In a startling design call, Renzo Piano Building Workshop clad its new building for Harvard University in wood—Alaskan Yellow Cedar, to be exact. “Wood is a fantastic material,” explained Renzo Piano at a press luncheon last week. “You just have to put life into it.”
The Pritzker Prize-winner has designed over a dozen cultural institutions, some completely new, like the Pompidou Center, others additions to formidable structures like last year's expansion of the Kimbell Art Museum by Louis Kahn. Harvard, however, asked Piano to combine three hallowed institutions—the Fogg, Busch-Reisinger, and the Arthur M. Sackler Museums—under one roof. Set to open November 16, the new 204,000-square-foot Harvard Art Museums preserves the Fogg’s 1927 building at 32 Quincy Street in Cambridge. The build will also add 12,000 square feet of exhibition space, enough to house several research and conservation centers.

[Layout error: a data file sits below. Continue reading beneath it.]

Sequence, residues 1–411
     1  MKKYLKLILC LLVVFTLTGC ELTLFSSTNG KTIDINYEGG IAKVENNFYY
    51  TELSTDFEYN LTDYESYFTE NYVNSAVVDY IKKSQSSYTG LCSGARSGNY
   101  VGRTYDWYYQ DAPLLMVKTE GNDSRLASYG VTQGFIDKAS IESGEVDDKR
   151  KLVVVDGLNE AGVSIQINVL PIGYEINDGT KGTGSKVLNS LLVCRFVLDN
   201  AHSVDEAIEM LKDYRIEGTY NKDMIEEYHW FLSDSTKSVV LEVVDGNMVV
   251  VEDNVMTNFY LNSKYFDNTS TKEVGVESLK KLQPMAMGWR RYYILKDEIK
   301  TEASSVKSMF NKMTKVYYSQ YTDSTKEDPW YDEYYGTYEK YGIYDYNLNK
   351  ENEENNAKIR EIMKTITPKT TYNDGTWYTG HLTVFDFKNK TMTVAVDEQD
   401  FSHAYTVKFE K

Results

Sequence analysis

And, yes, Piano chose to clad the addition neither in the brick of the historic Fogg nor the brute concrete of Le Corbusier’s Carpenter Center next door, but cedar. He has completed the façade and the rest of the exterior, including a beautiful sloping glass roof to let in controlled daylight, while work on the interior will continue through the Fall. The commission includes installation of the art and restores the iconic Calderwood Courtyard, which Piano likens to a piazza in Montepulciano in his native Italy.
Aided by Boston-based architect of record Payette , the project follows Harvard University’s sustainability initiatives and aims for LEED Gold certification. With approximately 250,000 works in the collection, the Harvard Art Museums serve as a premier training ground for museum professionals and scholars. “We don’t want to be seen as a static treasure house,” explains Thomas W. Lentz, director of the museum. “We needed to take things apart and reassemble ourselves.”